RV historian David Woodworth’s effort to sell his extensive collection of “antique” RVs and camping paraphernalia has failed for the moment, but a town in Alaska has expressed some interest.
The city of Sitka, Alaska, has tentatively proposed moving the collection to the Great North as a museum attraction for cruise-ship passengers.
Despite the inability to sell the collection, Woodworth was not discouraged as he headed out on his annual 30-city “National RV History Tour,” on which he serves as a media spokesman for the Recreational Vehicle Industry Association (RVIA).
“I might buy another RV or two,” he said. “My goal is to hit 50. I’m convinced that something positive is going to happen to my collection some day.”
The California Department of Parks and Recreation at the end of last year told Woodworth that it didn’t have the money to renew a two-year option to buy Woodworth’s collection of 37 motorhomes, towable trailers and camping equipment, all of which he values at more than $1 million.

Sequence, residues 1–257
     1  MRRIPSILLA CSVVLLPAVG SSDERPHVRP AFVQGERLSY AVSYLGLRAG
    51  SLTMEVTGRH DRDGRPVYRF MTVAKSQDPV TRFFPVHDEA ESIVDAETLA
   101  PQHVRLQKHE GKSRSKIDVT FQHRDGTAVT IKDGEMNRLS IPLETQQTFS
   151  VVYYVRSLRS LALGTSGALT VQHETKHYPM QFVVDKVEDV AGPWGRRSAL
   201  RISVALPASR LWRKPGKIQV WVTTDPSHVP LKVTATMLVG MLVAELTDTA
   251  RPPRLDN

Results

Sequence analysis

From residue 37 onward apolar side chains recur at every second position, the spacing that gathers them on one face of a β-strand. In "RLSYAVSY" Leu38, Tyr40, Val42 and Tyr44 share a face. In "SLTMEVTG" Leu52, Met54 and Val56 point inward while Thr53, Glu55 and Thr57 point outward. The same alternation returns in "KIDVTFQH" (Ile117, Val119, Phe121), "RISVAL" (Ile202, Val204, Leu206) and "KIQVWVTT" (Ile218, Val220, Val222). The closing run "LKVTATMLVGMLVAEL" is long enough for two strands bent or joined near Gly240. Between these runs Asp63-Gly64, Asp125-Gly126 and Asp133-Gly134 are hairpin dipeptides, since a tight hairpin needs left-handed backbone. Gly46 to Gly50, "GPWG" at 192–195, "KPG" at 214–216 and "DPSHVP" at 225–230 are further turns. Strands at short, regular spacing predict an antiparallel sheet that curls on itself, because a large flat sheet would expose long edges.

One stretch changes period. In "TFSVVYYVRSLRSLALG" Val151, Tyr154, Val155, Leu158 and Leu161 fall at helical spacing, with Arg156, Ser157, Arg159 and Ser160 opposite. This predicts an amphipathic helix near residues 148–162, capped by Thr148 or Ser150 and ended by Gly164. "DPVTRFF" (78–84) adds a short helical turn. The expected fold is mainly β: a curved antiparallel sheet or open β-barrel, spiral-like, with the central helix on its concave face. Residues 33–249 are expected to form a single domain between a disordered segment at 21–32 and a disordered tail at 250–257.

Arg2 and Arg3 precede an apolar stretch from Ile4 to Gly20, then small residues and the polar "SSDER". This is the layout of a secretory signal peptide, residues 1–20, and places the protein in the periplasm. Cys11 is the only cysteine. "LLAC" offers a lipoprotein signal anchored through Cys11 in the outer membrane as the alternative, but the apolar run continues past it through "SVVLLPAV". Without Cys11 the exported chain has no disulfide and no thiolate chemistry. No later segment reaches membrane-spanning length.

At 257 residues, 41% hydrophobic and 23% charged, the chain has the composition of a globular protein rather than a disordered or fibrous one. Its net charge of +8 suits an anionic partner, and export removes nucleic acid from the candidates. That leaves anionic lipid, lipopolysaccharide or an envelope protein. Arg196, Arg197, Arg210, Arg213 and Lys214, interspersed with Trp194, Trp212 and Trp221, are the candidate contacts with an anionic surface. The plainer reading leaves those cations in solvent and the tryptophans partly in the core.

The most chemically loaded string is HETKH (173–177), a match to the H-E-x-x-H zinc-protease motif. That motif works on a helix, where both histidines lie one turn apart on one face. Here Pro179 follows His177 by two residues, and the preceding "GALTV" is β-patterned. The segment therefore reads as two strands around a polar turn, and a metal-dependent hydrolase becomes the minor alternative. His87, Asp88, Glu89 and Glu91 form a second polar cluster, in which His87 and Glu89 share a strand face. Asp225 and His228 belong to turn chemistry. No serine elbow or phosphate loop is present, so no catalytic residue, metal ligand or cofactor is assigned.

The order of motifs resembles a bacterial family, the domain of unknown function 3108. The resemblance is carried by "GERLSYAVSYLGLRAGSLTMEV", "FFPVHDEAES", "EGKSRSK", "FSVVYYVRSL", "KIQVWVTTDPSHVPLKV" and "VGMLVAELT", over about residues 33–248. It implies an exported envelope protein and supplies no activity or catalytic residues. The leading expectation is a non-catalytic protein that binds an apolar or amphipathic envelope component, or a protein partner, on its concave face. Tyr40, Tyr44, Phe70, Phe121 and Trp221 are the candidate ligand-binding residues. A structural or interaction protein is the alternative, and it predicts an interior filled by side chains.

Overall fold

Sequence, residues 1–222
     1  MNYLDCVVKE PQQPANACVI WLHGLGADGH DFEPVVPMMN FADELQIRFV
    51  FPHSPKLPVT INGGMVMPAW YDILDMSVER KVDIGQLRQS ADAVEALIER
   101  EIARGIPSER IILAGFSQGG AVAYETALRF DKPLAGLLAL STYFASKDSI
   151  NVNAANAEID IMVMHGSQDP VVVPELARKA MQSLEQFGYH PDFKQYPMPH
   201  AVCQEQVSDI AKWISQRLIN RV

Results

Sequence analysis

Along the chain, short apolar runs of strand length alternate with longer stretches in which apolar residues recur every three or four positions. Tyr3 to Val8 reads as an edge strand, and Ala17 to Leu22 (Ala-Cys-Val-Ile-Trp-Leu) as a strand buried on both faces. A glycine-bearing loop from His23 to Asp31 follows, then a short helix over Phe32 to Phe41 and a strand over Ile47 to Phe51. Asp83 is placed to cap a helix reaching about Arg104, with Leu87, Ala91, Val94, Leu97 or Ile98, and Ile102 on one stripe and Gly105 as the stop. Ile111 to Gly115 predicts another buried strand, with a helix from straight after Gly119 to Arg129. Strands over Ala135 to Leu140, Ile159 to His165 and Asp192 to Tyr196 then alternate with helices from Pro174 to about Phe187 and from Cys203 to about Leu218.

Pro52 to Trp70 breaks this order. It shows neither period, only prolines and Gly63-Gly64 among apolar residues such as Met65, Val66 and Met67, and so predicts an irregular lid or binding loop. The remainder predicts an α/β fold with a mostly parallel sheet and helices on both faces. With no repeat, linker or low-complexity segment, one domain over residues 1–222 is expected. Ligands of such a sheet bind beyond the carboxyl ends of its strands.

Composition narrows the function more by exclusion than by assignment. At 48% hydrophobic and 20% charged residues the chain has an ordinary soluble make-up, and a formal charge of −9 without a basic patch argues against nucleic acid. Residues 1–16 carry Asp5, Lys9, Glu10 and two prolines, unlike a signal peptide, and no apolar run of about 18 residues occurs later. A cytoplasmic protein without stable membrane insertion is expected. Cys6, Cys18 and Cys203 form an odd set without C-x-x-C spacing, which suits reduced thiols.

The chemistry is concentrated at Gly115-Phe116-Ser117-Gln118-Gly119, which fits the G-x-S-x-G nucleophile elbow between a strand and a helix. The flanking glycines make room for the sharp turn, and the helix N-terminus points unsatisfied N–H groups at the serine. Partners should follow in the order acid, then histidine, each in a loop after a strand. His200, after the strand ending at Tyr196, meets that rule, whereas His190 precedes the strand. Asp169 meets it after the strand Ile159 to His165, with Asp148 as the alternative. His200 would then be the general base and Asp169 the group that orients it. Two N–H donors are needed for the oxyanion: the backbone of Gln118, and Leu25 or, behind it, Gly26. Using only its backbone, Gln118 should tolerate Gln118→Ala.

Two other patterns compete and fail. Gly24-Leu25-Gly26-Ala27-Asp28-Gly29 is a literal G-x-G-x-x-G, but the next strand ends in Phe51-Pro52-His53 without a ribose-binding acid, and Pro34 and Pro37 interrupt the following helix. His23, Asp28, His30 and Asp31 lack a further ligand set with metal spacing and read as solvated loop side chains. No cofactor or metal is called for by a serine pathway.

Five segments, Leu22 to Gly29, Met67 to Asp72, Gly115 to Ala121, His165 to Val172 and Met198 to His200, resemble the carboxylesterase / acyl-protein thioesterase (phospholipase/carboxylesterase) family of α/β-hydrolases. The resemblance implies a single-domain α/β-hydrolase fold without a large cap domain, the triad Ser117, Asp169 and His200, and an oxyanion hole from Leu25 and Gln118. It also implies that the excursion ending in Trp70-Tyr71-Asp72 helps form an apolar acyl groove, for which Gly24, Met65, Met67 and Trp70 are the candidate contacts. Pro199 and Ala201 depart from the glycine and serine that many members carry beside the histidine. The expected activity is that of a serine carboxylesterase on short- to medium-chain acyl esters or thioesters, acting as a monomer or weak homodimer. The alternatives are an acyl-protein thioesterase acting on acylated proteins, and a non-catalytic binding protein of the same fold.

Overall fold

The glitch? After spending $75,000 to catalog Woodworth’s 1,800-piece collection, the state ran into a shortfall that stood at an estimated $34.6 billion in mid-May.
“The state sent me a letter and said that they can’t afford to buy the collection,” said Woodworth, who keeps most of the collection at his 11-acre homestead in Tehachapi, Calif. “They said they are hoping that they could do it in a couple of years. I could easily sell it all piece by piece, but I want this to go into a collection or a museum.”
Negotiations with the RV/MH Heritage Foundation Inc., Elkhart, Ind., have stalled – also for financial reasons.
“Mostly what is happening is a lot of talk and no action,” Woodworth said. “We are shuffling a lot of paperwork.” As Woodworth took off on his annual tour he drove a 32-foot 2003 Itasca Horizon diesel-pusher borrowed from Winnebago Industries Inc. of Forest City Iowa.
The Horizon tows a 16-foot telescoping RV manufactured in 1916 that sits atop a Ford Model T and transforms into living space complete with a stove that mounts on the Model T’s engine.